Arrow plot: a new graphical tool for selecting up and down regulated genes and genes differentially expressed on sample subgroups
1 Natural and Exact Sciences Department, Higher School of Health Technology of Lisbon of Polytechnic Institute of Lisbon and Center of Statistics and Applications of University of Lisbon, Lisbon, Portugal
2 Department of Statistics and Operational Research, Faculty of Sciences of University of Lisbon, and Center of Statistics and Applications of University of Lisbon, Lisbon, Portugal
BMC Bioinformatics 2012, 13:147 doi:10.1186/1471-2105-13-147Published: 26 June 2012
A common task in analyzing microarray data is to determine which genes are differentially expressed across two (or more) kind of tissue samples or samples submitted under experimental conditions. Several statistical methods have been proposed to accomplish this goal, generally based on measures of distance between classes. It is well known that biological samples are heterogeneous because of factors such as molecular subtypes or genetic background that are often unknown to the experimenter. For instance, in experiments which involve molecular classification of tumors it is important to identify significant subtypes of cancer. Bimodal or multimodal distributions often reflect the presence of subsamples mixtures. Consequently, there can be genes differentially expressed on sample subgroups which are missed if usual statistical approaches are used. In this paper we propose a new graphical tool which not only identifies genes with up and down regulations, but also genes with differential expression in different subclasses, that are usually missed if current statistical methods are used. This tool is based on two measures of distance between samples, namely the overlapping coefficient (OVL) between two densities and the area under the receiver operating characteristic (ROC) curve. The methodology proposed here was implemented in the open-source R software.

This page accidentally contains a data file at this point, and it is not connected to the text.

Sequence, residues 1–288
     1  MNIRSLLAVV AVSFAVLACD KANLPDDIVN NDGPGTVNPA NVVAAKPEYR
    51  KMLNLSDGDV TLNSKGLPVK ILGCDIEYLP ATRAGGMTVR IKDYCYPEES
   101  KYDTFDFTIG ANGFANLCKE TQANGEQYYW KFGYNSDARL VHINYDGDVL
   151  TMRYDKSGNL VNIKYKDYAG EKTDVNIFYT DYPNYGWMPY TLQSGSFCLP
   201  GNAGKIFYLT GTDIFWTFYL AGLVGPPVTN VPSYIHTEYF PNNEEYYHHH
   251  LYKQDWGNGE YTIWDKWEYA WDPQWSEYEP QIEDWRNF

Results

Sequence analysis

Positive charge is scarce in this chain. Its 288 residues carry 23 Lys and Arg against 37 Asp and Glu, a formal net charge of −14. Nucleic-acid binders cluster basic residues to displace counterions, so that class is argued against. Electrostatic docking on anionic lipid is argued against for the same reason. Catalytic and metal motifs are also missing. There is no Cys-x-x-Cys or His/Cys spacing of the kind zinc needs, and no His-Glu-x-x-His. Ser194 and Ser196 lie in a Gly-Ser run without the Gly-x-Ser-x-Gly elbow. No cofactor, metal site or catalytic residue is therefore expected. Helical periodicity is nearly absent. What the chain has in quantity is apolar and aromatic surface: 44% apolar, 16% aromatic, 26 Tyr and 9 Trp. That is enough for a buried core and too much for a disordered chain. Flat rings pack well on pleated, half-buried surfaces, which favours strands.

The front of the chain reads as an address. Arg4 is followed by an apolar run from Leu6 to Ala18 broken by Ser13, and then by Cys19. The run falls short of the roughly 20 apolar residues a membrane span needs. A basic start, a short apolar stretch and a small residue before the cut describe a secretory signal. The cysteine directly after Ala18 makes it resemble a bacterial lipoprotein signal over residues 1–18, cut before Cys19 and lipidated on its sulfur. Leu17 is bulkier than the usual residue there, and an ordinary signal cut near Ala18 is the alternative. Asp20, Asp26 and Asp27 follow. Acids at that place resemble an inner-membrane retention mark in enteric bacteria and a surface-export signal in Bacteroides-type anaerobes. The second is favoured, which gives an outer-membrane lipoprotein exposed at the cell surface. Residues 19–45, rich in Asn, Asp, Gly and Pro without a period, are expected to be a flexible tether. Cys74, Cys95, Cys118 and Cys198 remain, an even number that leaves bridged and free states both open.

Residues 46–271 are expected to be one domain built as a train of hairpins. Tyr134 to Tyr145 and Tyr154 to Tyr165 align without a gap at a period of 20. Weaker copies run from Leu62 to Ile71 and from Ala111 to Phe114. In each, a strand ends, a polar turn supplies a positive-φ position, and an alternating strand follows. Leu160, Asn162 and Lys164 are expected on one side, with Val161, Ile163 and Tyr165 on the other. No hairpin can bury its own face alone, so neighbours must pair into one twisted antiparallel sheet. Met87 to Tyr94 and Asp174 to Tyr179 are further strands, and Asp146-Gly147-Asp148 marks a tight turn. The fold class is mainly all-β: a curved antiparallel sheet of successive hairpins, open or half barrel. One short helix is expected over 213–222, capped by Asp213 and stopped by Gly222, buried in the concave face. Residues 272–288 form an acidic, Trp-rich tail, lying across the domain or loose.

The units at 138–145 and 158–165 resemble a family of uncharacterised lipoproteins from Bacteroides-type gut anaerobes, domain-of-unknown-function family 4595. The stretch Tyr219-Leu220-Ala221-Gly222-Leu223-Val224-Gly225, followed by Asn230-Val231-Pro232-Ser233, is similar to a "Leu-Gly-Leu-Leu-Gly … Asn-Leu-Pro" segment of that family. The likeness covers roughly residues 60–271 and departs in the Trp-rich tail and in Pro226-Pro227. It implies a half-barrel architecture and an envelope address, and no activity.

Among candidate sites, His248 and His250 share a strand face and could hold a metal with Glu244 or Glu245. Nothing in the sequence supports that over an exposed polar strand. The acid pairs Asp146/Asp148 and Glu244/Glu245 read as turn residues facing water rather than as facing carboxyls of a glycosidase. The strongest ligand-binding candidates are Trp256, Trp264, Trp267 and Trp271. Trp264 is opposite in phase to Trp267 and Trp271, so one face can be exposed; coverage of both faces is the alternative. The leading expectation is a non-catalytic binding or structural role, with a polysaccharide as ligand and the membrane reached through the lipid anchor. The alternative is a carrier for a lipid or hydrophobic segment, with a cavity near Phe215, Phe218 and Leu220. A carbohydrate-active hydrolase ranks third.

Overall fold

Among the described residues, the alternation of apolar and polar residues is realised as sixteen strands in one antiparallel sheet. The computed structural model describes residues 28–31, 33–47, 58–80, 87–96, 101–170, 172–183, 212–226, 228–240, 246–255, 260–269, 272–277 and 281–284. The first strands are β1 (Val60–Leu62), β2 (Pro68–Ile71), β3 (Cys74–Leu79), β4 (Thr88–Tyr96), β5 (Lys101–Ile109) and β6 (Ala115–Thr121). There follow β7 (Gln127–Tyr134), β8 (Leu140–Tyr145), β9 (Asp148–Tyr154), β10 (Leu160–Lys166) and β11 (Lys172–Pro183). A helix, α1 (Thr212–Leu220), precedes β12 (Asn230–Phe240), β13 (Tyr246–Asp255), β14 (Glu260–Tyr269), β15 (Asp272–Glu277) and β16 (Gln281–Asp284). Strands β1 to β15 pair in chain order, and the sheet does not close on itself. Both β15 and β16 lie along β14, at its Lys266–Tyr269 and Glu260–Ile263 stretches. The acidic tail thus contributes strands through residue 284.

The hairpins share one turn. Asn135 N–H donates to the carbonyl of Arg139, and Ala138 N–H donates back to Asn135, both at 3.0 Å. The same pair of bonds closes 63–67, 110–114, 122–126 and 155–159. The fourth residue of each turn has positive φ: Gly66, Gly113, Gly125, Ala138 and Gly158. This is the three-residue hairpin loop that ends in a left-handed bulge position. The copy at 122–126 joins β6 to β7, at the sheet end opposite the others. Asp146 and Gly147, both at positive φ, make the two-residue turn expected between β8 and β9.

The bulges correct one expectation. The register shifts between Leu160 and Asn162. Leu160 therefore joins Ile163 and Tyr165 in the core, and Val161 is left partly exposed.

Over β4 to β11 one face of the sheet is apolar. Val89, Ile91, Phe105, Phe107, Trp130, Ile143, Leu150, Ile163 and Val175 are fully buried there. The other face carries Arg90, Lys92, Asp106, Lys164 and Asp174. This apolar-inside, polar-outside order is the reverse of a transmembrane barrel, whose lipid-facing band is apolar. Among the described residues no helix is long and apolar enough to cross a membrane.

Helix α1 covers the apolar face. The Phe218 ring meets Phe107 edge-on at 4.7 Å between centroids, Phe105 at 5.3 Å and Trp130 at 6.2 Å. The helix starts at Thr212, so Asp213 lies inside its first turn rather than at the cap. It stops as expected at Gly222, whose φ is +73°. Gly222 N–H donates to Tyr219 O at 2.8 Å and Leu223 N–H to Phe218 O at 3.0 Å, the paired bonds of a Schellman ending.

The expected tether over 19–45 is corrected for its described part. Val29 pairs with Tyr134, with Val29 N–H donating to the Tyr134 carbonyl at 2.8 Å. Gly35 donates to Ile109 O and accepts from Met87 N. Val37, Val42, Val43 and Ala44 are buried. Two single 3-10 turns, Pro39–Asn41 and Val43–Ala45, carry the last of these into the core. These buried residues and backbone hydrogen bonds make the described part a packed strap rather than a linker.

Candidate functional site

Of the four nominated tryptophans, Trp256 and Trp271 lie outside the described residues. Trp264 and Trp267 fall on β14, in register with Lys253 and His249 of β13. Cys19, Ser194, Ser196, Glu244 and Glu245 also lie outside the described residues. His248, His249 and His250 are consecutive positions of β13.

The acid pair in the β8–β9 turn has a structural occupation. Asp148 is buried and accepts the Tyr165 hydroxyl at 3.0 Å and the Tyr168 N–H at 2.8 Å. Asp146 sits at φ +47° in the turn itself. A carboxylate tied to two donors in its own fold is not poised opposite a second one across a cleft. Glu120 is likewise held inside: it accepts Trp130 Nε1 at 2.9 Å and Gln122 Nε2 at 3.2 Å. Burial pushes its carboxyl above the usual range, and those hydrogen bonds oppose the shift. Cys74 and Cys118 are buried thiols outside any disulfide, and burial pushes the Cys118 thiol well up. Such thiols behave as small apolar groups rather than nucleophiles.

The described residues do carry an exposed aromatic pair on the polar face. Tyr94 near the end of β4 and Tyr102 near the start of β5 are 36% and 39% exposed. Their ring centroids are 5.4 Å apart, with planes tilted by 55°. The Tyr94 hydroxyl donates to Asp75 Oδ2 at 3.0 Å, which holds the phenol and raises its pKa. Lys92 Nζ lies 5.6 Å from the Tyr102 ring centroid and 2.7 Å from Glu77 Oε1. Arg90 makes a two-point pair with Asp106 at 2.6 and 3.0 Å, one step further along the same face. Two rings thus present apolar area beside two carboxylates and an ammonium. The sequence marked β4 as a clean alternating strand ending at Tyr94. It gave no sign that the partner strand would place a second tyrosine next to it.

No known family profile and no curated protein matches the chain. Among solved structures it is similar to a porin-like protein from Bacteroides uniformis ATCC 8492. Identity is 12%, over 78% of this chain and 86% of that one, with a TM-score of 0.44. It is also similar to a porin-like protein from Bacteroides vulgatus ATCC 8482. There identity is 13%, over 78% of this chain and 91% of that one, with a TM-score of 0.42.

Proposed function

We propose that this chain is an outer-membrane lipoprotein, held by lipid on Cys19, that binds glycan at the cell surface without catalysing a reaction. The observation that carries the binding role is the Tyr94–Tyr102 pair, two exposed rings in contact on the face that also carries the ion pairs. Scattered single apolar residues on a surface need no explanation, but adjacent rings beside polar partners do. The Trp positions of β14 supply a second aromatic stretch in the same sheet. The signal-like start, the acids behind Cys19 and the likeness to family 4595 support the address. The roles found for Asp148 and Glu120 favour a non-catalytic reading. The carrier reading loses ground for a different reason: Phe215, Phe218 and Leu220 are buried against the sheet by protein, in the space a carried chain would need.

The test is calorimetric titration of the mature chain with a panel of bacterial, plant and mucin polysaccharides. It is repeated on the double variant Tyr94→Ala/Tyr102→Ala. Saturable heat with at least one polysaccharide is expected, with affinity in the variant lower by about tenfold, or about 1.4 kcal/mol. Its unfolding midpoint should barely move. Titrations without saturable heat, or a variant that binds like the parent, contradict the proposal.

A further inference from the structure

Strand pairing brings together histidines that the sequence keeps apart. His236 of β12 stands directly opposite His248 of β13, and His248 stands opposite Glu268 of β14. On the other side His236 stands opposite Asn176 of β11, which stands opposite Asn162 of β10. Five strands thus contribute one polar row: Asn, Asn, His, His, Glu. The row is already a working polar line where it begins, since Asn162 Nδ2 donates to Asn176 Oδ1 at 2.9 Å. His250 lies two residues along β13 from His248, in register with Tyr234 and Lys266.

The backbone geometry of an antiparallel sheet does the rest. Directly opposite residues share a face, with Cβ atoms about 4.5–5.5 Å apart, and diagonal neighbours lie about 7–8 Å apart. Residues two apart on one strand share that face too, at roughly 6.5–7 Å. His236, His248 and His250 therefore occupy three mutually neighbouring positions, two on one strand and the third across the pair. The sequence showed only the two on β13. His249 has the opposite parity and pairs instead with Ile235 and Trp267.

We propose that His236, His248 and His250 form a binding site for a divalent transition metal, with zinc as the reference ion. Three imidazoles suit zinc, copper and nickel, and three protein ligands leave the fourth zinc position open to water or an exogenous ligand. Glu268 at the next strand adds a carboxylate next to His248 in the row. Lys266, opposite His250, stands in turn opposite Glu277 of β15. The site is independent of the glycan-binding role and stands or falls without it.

This method was applied to a publicly available dataset, as well as to a simulated dataset. We compared our results with the ones obtained using some of the standard methods for detecting differentially expressed genes, namely Welch t-statistic, fold change (FC), rank products (RP), average difference (AD), weighted average difference (WAD), moderated t-statistic (modT), intensity-based moderated t-statistic (ibmT), significance analysis of microarrays (samT) and area under the ROC curve (AUC). On both datasets all differentially expressed genes with bimodal or multimodal distributions were not selected by all standard selection procedures. We also compared our results with (i) area between ROC curve and rising area (ABCR) and (ii) the test for not proper ROC curves (TNRC). We found our methodology more comprehensive, because it detects both bimodal and multimodal distributions and different variances can be considered on both samples. Another advantage of our method is that we can analyze graphically the behavior of different kinds of differentially expressed genes.
Our results indicate that the arrow plot represents a new flexible and useful tool for the analysis of gene expression profiles from microarrays.